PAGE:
When I started this column, Just Finished, Up Next, my intention was to highlight books related to all aspects of mental health. I planned to share and discuss the inspiration contained therein and highlight effective ways to use the advice to help ourselves and our loved ones. A good plan, I think, and one I want to follow through on.
But here's the thing: I love to read. I LOVE to read and I try to read just about everything and anything I can get my hands on. Much of what I read is not related to mental health although it is fun, enlightening, educational, thought-provoking, and generally worth letting you know about. So.
Henceforth, I plan to share with you a wider variety of books, books I love for all sorts of different reasons including but not limited to mental health concerns.
I had the pleasure and honor of meeting Tam in McClure, PA at Beth Kephart's first Juncture Workshop. Here's a key to knowing Tam. In the five days we spent together on the farm, she didn't share with us that she was a published author. If memory serves, once we all returned home and became Facebook friends, I saw a post about a trip she took to an elementary school to discuss her book. What?, I thought. Tam wrote a book? And I veered over to Amazon to purchase it forthwith. Tam, if I wasn't clear, is the kind of person who won't blow her own horn; she's that modest. (So I will.) She is kind, compassionate, caring, down-to-earth, and wise–all of which shines through in the pages of her story.
Another Kind of Hurricane, a novel written for ages 9-12, thoroughly engaged me. The two main characters, Zavion and Henry, are as different as can be. They come from different cultures, live in different parts of the country, and have different points of view on what it's like to be a kid living in difficult circumstances. One experiences loss due to a natural disaster. One experiences loss due to a tragic accident.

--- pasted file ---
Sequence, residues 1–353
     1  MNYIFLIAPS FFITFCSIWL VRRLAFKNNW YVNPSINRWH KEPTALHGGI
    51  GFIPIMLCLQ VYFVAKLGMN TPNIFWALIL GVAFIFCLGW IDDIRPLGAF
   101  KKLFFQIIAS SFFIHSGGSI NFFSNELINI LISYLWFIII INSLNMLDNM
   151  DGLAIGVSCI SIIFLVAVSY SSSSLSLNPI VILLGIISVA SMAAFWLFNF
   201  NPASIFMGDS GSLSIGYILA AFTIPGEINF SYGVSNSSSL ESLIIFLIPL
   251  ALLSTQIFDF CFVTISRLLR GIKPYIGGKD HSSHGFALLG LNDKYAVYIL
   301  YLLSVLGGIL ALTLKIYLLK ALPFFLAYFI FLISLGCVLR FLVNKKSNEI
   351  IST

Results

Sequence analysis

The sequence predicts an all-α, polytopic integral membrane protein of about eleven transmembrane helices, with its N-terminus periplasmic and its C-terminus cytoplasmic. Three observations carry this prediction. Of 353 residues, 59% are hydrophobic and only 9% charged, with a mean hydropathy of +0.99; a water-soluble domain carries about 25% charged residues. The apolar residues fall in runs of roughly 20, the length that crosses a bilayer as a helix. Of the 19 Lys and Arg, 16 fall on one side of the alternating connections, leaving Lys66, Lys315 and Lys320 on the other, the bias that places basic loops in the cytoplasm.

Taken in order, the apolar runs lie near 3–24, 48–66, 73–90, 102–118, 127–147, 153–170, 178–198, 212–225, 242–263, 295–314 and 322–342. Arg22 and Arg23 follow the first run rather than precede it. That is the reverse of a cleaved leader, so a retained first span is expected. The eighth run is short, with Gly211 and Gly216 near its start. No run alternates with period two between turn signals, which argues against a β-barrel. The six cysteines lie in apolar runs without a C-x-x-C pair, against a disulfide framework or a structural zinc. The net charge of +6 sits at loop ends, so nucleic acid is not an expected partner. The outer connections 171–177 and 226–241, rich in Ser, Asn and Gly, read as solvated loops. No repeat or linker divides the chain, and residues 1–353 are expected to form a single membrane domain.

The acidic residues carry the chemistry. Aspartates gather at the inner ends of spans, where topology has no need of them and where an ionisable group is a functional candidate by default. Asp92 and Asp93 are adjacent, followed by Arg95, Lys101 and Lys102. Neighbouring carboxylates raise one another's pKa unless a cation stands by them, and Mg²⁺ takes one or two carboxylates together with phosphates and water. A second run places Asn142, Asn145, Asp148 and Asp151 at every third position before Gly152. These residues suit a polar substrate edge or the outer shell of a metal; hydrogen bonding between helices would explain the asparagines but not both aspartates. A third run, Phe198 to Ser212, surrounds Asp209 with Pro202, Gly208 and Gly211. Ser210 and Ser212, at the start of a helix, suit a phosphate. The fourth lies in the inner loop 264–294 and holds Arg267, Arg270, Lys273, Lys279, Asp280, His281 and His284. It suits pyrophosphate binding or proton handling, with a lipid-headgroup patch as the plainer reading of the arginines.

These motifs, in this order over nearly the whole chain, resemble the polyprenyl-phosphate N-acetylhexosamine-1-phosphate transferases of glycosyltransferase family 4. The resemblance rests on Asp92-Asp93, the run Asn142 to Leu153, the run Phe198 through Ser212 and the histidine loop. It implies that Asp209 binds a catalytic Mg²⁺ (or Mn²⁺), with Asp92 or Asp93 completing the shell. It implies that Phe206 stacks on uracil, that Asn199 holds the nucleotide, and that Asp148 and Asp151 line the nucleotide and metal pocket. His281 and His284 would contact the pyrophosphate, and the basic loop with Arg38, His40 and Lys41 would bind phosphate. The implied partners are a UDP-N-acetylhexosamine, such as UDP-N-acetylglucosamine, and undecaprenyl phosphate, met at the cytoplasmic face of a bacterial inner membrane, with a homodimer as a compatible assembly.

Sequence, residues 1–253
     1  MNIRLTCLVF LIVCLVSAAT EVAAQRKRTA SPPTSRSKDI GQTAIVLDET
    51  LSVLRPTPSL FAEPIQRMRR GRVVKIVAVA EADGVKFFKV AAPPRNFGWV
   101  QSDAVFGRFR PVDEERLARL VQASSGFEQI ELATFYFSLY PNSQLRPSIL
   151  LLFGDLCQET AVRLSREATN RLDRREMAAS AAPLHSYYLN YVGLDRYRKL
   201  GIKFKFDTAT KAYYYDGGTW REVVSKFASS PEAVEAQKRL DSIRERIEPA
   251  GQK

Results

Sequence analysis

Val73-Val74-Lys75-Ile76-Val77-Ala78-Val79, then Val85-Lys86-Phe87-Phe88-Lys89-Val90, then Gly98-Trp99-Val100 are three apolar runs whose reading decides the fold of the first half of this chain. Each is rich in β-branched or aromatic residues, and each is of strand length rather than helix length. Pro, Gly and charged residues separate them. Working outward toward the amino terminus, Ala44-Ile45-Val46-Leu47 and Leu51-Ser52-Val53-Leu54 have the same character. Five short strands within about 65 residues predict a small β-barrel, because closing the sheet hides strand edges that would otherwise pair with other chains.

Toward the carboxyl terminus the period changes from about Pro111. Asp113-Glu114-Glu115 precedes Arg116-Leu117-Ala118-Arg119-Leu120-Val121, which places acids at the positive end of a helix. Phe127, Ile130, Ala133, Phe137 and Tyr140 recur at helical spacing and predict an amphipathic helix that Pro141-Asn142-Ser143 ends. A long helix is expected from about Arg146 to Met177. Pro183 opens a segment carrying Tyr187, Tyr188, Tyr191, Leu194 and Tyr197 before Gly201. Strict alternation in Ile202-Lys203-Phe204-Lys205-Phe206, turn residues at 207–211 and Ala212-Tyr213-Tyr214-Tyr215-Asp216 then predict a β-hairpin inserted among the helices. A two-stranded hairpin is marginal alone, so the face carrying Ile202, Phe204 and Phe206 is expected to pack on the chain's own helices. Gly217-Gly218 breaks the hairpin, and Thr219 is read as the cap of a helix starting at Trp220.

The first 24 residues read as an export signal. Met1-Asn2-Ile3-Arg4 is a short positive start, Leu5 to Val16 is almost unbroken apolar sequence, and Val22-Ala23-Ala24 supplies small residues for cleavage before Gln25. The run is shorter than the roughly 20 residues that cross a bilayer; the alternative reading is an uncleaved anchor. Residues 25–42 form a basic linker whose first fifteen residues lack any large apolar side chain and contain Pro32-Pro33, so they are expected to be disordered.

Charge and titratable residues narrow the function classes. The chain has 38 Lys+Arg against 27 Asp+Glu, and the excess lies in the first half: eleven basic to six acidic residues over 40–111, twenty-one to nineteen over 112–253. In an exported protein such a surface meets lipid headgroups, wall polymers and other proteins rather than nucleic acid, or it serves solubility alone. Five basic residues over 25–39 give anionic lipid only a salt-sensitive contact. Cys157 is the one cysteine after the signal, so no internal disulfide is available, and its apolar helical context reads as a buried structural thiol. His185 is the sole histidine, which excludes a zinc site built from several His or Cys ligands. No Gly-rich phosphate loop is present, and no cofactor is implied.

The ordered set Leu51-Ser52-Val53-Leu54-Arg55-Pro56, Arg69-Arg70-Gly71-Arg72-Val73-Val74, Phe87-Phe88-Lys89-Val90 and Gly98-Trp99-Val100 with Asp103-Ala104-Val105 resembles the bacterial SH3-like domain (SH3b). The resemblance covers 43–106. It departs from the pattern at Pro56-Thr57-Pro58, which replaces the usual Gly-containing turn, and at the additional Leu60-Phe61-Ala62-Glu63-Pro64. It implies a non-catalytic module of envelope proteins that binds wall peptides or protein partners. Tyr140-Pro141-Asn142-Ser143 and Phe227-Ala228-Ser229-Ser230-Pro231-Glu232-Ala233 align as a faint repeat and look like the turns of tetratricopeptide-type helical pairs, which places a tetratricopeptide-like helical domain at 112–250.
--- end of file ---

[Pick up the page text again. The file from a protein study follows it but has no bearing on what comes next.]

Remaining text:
This is a story of pain, of death and loss and despair. And it's a story of hope, of resilience and determination and friendship. These two boys, through fate's tireless effort, meet. In coming together, they find the strength to heal. This story speaks to me deeply because I experienced first-hand the power that lies in "falling apart." I know about befores and afters. (Read more here.) And I know, for sure, that putting the pieces back together can't be effectively accomplished in a vacuum, in solitude.
In the years following my daughter's diagnosis and our journey into healing, I have learned how to value the power of connection, learned how to reach out, and have had to learn how to receive. Tam's story of two ten year old boys connected by forces and events they can't understand reminds me that we will always be stronger together than we could ever be apart.
I hope you'll check it out for yourself or your favorite 9-12 year old.
Up Next: Hillbilly Elegy a memoir by J.D. Vance. We're reading this for my book club, and I'm very excited to discuss it with my cohorts and with anyone here who'd like to engage in a thoughtful discussion. It was picked with the hope that Vance's story can help to clarify our current state of affairs, both politically and interpersonally.
And here's a few more titles I read over the last several months. If you'd like to know more about any of these books, ask away.